Friday, October 07, 2005

The Big Dick Talk


Thanks for the comments, will try to reply today if I can post from work, if not, over the weekend.

Things go well. I am working at my new (half-time) job, the replacement for the Hogarth House one. It is primarily dealing with people with drug and alcohol prolems. At the moment I am working at the alcohol disorders unit, which is less than a hundred metres away from the largest Booze Brothers store I have ever seen, almost a warehouse. Within walking distance is Behan's (a very large pub), a pawnshop and a second hand clothes store. All they need to do is throw in one of those shopping trolleys and you've got everything for the discerning alcoholic.

Yesterday at Florey I had a tutorial on "managing the airway", which is basically about intubating people, which was very reassuring. But after that we sat around and pretty rapidly we got into the big dick talk. The big dick talk is a kind of testosteronefest, where doctors sit around and talk about horribly sick people they have seen, stuffups they or others have made and so on... with the most points going to the most spectacular blood or ECG results, the most alarming pathology, the biggest disaster averted. It is a kind of competition with the rules heavily weighted towards the older, more experienced doctors, although those with any experience in the third world can often do well. My contribution was relatively minor - the man who came in with a blood alcohol of point five five, i.e.: eleven times the legal limit, a dose that would kill all but the most exceptional people - and who, when this was mentioned to him, expressed suprise and said "I didn't think it'd be that high, I haven't had a drink today."

And another man with a cholesterol in the high twenties (normal, I believe, is below five) - who had pink, foamy blood, visible globules of fat, and when you took it out of the vein and squirted it in a bottle, a thin white film rose to the top of the sample, like the cream on fresh milk.

My alcohol man was eclipsed by the woman with a BAL of point five eight, who, her treating doctor said, appeared almost perfectly sober. She was so incensed at her doctor's suggestion that she should not drive that she walked out of the department, alert and orientated, half an hour before her blood result was rang through to her unbelieving doctor.

But the haemoglobin conversation was the most remarkabe. Haemoglobin is the protein that carries blood around your body. The normal male has 130 to 180 grams of haemoglobin in every liter of his blood, the average female slightly less. Anaemia means (among other things) low concetrations of haemoglobin - you get tired easily, you feel weak, you may get short of breath. Anaemia is technically anything below the normal range - for an adult male, it's below 130 grams per litre, for a female it's below 115 g/L.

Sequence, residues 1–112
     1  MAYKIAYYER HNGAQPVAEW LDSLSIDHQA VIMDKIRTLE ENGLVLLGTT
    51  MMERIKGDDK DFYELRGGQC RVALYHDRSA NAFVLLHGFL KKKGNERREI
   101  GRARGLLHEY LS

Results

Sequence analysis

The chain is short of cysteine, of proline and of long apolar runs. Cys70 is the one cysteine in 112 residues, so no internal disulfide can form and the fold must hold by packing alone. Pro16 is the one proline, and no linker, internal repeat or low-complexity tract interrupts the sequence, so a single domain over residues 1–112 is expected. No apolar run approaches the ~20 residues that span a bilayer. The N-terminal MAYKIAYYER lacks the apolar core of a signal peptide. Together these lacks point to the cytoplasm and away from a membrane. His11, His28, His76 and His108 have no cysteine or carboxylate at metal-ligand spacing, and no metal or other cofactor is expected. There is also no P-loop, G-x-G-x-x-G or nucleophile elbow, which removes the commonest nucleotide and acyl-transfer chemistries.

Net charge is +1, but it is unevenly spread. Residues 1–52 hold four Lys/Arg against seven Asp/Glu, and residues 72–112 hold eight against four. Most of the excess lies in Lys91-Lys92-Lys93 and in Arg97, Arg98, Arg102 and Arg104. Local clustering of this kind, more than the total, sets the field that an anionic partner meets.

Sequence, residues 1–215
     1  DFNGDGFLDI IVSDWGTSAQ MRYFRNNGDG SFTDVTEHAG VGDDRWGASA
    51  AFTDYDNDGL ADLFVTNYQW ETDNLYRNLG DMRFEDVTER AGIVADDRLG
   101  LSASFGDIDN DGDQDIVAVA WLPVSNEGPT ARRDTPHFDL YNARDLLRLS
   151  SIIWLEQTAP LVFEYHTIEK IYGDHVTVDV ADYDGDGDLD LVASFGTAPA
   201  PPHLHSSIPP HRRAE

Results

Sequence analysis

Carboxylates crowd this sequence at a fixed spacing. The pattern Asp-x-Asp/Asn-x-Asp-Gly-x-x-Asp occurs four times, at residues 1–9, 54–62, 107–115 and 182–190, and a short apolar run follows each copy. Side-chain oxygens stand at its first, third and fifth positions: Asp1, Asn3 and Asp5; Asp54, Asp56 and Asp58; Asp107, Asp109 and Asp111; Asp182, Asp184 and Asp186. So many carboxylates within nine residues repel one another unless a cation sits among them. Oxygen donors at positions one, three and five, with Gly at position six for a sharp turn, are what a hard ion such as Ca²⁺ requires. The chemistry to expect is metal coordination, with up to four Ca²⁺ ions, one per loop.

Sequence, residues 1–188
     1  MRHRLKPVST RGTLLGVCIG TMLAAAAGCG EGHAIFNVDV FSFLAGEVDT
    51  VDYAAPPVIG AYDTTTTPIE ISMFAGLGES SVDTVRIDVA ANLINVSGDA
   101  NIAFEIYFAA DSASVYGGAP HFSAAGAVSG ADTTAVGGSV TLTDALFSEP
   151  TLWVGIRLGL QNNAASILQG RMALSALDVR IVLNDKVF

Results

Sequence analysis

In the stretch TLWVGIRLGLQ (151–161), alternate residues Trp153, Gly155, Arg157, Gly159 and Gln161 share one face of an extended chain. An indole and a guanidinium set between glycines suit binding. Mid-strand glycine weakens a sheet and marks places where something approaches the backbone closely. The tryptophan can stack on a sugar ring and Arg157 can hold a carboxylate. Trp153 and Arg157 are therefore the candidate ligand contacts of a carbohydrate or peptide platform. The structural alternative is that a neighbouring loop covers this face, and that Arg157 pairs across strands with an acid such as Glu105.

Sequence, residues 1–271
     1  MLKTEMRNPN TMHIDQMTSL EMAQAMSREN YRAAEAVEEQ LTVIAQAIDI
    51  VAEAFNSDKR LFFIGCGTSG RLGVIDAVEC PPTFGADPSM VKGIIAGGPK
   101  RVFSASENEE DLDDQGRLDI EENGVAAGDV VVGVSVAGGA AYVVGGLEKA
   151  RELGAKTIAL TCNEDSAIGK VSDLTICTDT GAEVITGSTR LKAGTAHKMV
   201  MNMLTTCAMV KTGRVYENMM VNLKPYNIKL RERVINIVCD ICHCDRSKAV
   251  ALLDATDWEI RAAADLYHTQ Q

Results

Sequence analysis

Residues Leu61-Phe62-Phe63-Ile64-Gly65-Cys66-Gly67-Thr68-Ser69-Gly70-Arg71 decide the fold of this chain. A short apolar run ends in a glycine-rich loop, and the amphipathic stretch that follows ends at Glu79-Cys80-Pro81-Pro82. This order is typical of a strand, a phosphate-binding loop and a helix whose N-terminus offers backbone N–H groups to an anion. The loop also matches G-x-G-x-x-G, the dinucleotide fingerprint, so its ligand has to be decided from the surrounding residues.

A haemoglobin of ninety may indicate someone is pretty damn unwell. Sixty is catastrophic, I ca't remember seeing any lower than that. Dr Bougie, the intensive care guy could. He remembered seeing a child, a vctim of a genetic disorder rarely seen in this country, with a haemoglobin of twenty eight.

At this stage, the blood is no longer red. It is a pale, transparent pink - you put the needle in and take it out of the vein and squirt this thin, almost clear substance into the bottle. With only this extremely dilute blood (as if your blood had been diulted one part blood to four parts water) the skin is greyish white. When you shine a beam of light into someone's eyes - you see this when you take a photo with a flash - light bounces off the back of the eye, an area packed with blood vesses, giving that red-eyed "I am a demon prince, all must worship me or die" look to those photographs of your child or household pet. This is imaginiatively called the red eye reflex.

When they shone a light into this child's eyes, it bounced back silver.

Anyway, I thought that was remarkable. She did well in the end, too.

Best get back to work...

Thanks for listening,


Anonymous Anonymous said...

just a few months ago I came across a GI bleeder with a Hb of a truly remarkable 21. A committed Jehovah's Witness, she not only declined a transfusion but any other meaningful investigations. Her God was obviously on her side as her ulcers didn't bleed any more and she was discharged home a week later with the massive haemaglobin of 40, on a diet that included beetroot juice to boost the red blood count..

12:41 AM  

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